This afternoon, Jeff Flake appeared to throw a wrench into the gears of the confirmation fight being waged over Brett Kavanaugh, joining the Democrats in calling for an FBI investigation of Christine Blasey Ford’s sexual-assault allegations against the judge.
The Washington Examiner reported that the Arizona Republican said of his decision, “I just wanted to get some Democrats to agree and willing to come out and publicly say, ‘We would accept this’ and we would say that the process is fair at least, even if they’re not going to vote for it.”
Unfortunately for Flake, Senate Democrats are never going to accept anything short of tarnishing Kavanaugh’s name forever and blocking him from the Supreme Court. That was obviously the case long before there was any whiff of allegations against him, and it will remain true regardless of what the FBI does or doesn’t turn up.
Ford’s accusation against Kavanaugh deserved to be taken seriously, and her charges clearly required further investigation. But for Senate Democrats, Ford’s claims have been most useful as a political cudgel and a delaying tactic for a nomination that the vast majority of them had already publicly sworn to oppose — a weapon to wield against a man whom they have labeled “evil,” a threat to the planet, and a danger to the lives of American women.
In fact, several Democrats promised earlier this summer to tank anyone President Trump nominated. “Americans should make it clear that they will not tolerate a nominee chosen from President Trump’s pre-ordained list,” Senate minority leader Chuck Schumer (D., N.Y.) said on the Senate floor in late June. Richard Blumenthal of Connecticut swore the Democrats would “use every tool available” to stop any Supreme Court nominee. Pennsylvania senator Bob Casey Jr., meanwhile, said right before Trump’s announcement that he would “oppose the nomination the President will make tonight because it represents a corrupt bargain with the far Right, big corporations, and Washington special interests.”
As Trump introduced Brett Kavanaugh to the country on July 9 in a 9 p.m. press conference, Senate Democrats immediately began tripping over one another to find the most vehement way to express their revilement, hastily issuing statements crafted long before they even knew the name of the nominee. All they had to do was fill in the blank.
Hawaii senator Mazie Hirono was the first out of the gate, tweeting at 9:06 p.m., “Judge Brett Kavanaugh has not earned the benefit of the doubt. He has the burden of proof to demonstrate his ability to be independent of @realDonaldTrump and exercise unbiased and independent judgment.” (Hirono should at least be praised for her consistency: She told Jake Tapper last weekend that Kavanaugh hasn’t earned the same presumption of innocence as every other American because of the content of his judicial rulings.)
Ten minutes after Trump’s announcement, Connecticut Democrat Chris Murphy attacked Kavanaugh as “a true Second Amendment radical,” “an anti-consumer zealot,” and “a critic of abortion rights.” “Not a close call,” he added, promising to vote no on Kavanaugh’s confirmation.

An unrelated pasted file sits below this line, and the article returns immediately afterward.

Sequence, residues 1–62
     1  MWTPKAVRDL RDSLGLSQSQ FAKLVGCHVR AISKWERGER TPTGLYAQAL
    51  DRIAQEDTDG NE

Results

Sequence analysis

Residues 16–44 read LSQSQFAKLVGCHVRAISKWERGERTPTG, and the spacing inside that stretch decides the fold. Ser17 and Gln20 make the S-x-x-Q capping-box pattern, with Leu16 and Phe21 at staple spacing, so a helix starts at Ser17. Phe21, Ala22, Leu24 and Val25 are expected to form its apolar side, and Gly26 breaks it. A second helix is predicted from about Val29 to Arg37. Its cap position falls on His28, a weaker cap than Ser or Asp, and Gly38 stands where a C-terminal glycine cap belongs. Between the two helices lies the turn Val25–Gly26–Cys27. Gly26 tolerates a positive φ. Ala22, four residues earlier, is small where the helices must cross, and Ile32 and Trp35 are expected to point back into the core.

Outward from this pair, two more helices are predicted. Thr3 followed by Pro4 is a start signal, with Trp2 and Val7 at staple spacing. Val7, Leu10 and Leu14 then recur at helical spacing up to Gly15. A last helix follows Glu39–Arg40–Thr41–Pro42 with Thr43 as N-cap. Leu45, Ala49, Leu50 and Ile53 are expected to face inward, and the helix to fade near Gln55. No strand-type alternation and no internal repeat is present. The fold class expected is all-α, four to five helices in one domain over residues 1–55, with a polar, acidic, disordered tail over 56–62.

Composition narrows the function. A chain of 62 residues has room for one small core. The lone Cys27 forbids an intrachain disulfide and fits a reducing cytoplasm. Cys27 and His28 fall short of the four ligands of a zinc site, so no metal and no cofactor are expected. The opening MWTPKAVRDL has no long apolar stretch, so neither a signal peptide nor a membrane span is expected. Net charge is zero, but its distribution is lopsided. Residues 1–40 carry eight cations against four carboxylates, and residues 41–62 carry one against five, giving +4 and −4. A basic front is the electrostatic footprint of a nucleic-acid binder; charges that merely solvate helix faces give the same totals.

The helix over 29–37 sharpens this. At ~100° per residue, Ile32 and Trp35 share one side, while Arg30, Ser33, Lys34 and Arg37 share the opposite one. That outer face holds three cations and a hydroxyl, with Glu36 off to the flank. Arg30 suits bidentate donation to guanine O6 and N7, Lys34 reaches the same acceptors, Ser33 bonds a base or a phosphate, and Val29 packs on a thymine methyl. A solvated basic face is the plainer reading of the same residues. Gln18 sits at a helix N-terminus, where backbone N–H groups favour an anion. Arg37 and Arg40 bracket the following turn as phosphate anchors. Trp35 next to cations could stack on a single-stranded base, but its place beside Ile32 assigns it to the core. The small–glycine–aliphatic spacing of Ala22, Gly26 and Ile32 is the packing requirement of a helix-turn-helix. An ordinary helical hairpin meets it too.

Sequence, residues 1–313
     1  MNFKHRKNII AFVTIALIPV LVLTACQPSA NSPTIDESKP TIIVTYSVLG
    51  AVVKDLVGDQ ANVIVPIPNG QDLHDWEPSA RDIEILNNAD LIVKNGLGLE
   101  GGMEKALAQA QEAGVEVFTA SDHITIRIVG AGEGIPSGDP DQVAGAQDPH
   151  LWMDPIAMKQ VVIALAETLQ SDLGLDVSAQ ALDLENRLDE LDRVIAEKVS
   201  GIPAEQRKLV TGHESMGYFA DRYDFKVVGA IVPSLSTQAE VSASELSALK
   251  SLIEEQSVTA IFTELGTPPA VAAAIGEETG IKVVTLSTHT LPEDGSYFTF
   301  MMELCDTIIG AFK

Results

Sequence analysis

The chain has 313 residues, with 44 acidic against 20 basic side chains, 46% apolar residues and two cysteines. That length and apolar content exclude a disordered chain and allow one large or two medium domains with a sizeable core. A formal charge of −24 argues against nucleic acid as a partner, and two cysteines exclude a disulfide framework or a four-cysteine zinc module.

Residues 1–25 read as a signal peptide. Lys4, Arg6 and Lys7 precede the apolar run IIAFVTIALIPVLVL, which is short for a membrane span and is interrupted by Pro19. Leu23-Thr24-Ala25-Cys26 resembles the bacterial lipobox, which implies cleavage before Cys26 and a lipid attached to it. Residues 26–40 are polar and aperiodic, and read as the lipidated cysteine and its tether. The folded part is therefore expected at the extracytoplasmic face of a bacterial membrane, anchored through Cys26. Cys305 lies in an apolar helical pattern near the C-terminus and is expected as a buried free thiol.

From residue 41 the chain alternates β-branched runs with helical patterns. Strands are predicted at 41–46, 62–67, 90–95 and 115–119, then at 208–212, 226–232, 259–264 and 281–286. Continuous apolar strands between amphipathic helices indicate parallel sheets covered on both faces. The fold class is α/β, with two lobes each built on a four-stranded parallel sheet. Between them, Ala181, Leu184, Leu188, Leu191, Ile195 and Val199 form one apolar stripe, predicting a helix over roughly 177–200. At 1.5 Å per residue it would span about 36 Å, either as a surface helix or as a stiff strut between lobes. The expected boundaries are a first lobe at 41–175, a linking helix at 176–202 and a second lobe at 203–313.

For her part, Senator Elizabeth Warren (D., Mass.) managed to hold out a whole hour before tweeting: “Brett Kavanaugh’s record as a judge and lawyer is clear: hostile to health care for millions, opposed to the CFPB & corporate accountability, thinks Presidents like Trump are above the law — and conservatives are confident that he would overturn Roe v. Wade. I’ll be voting no.”
New York’s Democratic senator Kirsten Gillibrand participated in a rally the same evening as Trump’s conference, proclaiming, “Stopping this will take all of us, fighting as hard as we can.” Meanwhile, less than half an hour after the conference began, eternal showman Cory Booker tweeted, “The nomination of Judge Brett Kavanaugh to the Supreme Court is alarming & I’m strongly opposed to his confirmation.”
But California senator Kamala Harris — perhaps Booker’s foremost competitor for the 2020 Democratic presidential nomination — had him beat by 18 minutes. “Brett Kavanaugh represents a fundamental threat to that promise of equality. I will oppose his nomination to the Supreme Court,” she tweeted at 9:18 p.m.
In the hours after the press conference, the following Democratic senators also either promised to oppose Kavanaugh or expressed grave doubts about how his rulings might affect certain Democratic-favored groups: Sherrod Brown (Ohio), Ben Cardin (Md.), Chris Coons (Del.), Dick Durbin (Ill.), Martin Heinrich (N.M.), Tim Kaine (Va.), Patrick Leahy (Vt.), Bob Menendez (N.J.), Mark Warner (Va.), and Sheldon Whitehouse (R.I.). Bernie Sanders, the socialist senator from Vermont who caucuses with the Democrats, promised to mobilize the American people to defeat Kavanaugh. A few days after the announcement, Tammy Baldwin of Wisconsin and Debbie Stabenow of Michigan also said they’d vote no.
The very next day, the Democratic members of the Senate Judiciary Committee gathered on the steps of the Supreme Court to publicly criticize Kavanaugh, focusing especially on the possibility that he might vote to overturn Roe v. Wade. These were the very same senators who in this week’s hearing insisted that only an FBI investigation will make them feel comfortable allowing Kavanaugh’s nomination to proceed.
But they never intended to vote for Brett Kavanaugh. They never intended even to listen to him — not in his confirmation hearings and not in his impassioned rebuttal to unsubstantiated allegations of sexual assault. It was never any secret: Senate Democrats have always wanted to destroy him. Unless new evidence comes to light, their latest effort to do so cannot be allowed to succeed.